Interesting times! While the past few weeks have recorded unprecedented selfishness, panic and fear by some Australians, the column has received - on the other perspective - many positive attitudes mainly urging patience, tolerance and a watch and care attitude for those in need of help, reassurance and support.
Those expressions by readers have come in numbers during the past eight weeks or so never before experienced in such numbers during my time in the media.
As one reader wrote, "hopefully our leaders, and future leaders, will take the opportunity to re-appraise what the future may look like; our sovereignty and dependence on China must be realigned, and a rejuvenated manufacturing sector put in place."
An interesting email arrived 10 days ago from one of my tertiary education contacts in the Hunter region: "It is remarkable how much the governments at state and federal levels are relying on medical science to guide policy and action with respect to the COVID-19 virus. They are, quite rightly, putting science at the forefront and taking advice from the medical experts and researchers. Why then do they operate so differently with respect to climate science? We have climate science deniers and sceptics in the governments along with some who fully accept the science. Perhaps it has something to do with the mining industry and particularly the coal lobby. I don't have an answer, just an observation and a question."
Digressing, the media and our parliamentary leaders are being roundly criticised, with good reason, for confusing messages - sometimes on an almost daily basis and particularly in regard to schools - but more importantly for taking too long and not being either fast or critical enough in savaging selfish hoarders of essential goods.
However, there was a standout opinion piece in Melbourne's independent newspaper, The Saturday Paper, by Richard Denniss, The Australian Institute's chief economist, advocating how our nation can avoid economic collapse in the wake of the virus: "One of the first casualties of COVID-19 in Australia is the neoliberal rhetoric about government spending being a 'cost' to the economy ... the fact is that of all the times for governments to spend big, now is as good as it will ever get."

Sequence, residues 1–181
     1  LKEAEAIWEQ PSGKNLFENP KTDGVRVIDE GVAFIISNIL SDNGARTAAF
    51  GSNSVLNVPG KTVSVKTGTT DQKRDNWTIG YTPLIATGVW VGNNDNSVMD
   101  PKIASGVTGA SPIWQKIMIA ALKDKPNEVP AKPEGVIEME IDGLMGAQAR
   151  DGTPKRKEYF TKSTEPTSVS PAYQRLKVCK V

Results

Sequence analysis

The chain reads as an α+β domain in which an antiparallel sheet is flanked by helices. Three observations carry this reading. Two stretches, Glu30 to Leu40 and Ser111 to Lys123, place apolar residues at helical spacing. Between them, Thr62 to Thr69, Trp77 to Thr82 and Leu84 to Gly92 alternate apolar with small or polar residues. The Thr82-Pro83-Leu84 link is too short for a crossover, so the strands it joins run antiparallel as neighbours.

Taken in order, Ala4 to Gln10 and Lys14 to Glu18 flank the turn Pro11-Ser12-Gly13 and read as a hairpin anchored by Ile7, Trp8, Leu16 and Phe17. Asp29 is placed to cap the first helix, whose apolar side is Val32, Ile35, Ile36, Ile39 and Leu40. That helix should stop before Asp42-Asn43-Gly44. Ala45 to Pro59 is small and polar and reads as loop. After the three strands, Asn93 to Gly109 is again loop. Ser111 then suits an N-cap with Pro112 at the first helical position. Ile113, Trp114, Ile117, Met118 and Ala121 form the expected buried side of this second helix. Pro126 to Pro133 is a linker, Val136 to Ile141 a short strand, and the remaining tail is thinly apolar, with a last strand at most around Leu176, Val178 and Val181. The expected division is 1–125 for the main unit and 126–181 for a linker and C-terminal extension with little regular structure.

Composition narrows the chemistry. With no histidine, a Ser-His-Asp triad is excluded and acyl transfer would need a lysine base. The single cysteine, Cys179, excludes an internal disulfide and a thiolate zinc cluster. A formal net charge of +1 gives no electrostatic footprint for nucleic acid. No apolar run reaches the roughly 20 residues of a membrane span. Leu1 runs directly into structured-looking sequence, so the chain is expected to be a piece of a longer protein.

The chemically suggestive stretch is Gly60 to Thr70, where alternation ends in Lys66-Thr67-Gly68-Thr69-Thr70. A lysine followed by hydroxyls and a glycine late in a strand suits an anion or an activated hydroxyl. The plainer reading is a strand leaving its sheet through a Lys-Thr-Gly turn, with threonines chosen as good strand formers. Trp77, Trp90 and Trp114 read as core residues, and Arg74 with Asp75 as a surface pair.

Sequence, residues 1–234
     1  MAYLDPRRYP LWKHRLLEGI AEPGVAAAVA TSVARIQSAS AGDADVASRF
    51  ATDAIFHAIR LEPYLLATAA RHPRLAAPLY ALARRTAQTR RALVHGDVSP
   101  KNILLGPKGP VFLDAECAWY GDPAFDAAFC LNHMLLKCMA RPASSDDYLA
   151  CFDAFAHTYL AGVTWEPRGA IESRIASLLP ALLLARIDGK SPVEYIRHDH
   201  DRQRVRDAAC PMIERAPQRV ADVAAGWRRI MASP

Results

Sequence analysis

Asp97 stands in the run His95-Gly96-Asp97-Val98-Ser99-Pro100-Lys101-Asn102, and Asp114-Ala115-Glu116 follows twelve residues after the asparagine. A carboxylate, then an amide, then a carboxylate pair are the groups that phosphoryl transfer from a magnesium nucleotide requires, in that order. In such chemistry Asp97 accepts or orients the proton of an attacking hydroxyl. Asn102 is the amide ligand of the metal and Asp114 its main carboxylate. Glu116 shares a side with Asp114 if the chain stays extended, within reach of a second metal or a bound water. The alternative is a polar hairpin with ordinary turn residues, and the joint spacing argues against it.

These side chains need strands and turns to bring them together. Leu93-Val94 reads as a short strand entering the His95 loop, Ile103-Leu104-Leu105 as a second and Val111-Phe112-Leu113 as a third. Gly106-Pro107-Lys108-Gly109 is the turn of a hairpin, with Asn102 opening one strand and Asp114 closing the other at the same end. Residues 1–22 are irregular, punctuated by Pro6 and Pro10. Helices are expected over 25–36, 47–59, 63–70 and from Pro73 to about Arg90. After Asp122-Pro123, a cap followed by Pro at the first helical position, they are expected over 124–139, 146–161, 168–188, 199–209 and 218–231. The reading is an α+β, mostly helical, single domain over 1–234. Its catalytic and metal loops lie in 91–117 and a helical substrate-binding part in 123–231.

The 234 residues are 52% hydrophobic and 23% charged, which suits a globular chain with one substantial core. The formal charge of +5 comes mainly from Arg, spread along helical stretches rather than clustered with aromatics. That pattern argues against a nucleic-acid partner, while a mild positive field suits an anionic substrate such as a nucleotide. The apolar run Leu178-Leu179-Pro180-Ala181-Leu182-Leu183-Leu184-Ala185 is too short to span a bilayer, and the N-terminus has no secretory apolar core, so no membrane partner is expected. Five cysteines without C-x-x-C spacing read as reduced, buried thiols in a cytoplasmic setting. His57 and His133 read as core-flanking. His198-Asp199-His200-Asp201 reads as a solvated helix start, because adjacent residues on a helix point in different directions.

As Denniss poignantly wrote - and it needs to be remembered when the virus is overcome: "For decades, Australian have been sold an imagined poverty. We have been told we need to 'rein in' government spending - that if we want to spend more on health or education, we will need to spend less on the aged pension and child care.
"The Coalition even has an arbitrary cap on the size of the public sector - 23.9 per cent of gross domestic product. Such bizarre targets, which have nothing to do with economic theory, have proved a powerful rhetorical tool. But the reality is that if we had a bigger public sector today, we would be better prepared to weather the health and economic crises triggered by the virus. Hopefully, by the time we come through this, we will have learnt that lesson once and for all because nobody thinks the market is best placed to tackle the virus."
(It) should be compulsory reading for every Coalition MP.
Denniss' article is spot on, and should be compulsory reading for every Coalition MP - past, present and future. Another reader, now retired and a successful small businessman, said: "There is a real opportunity for Australia after this virus is checked, but it requires leaders to be found who will inspires us and take charge of rejuvenated and restructured federal and state parliaments and a new centrist or middle party to emerge." As Denniss also said: "Just as the bushfires changed Australians' views on climate change and the importance of investing in emergency services, COVID-19 will change Australians' attitudes towards spending on the public health system and, almost inevitably, public spending in general."
One of the more bizarre episodes so far has been the suggestion by some sports bodies (especially the NRL) that massive government finance will be required to sustain and save them. Professional sports have been paying monstrous salaries to participants and administrators for too long while getting governments to build them stadiums - they might need to consider going back to the days of amateur competitions and players, at least, getting a real job.
In the meantime, as a letter writer Thomas Watson wrote in the DA on Tuesday: "It is vital for both the local economy and health outcomes that there is as much expenditure and consequent income generation as possible", while he ended on this fundamental note: "Above all, be kind and help each other."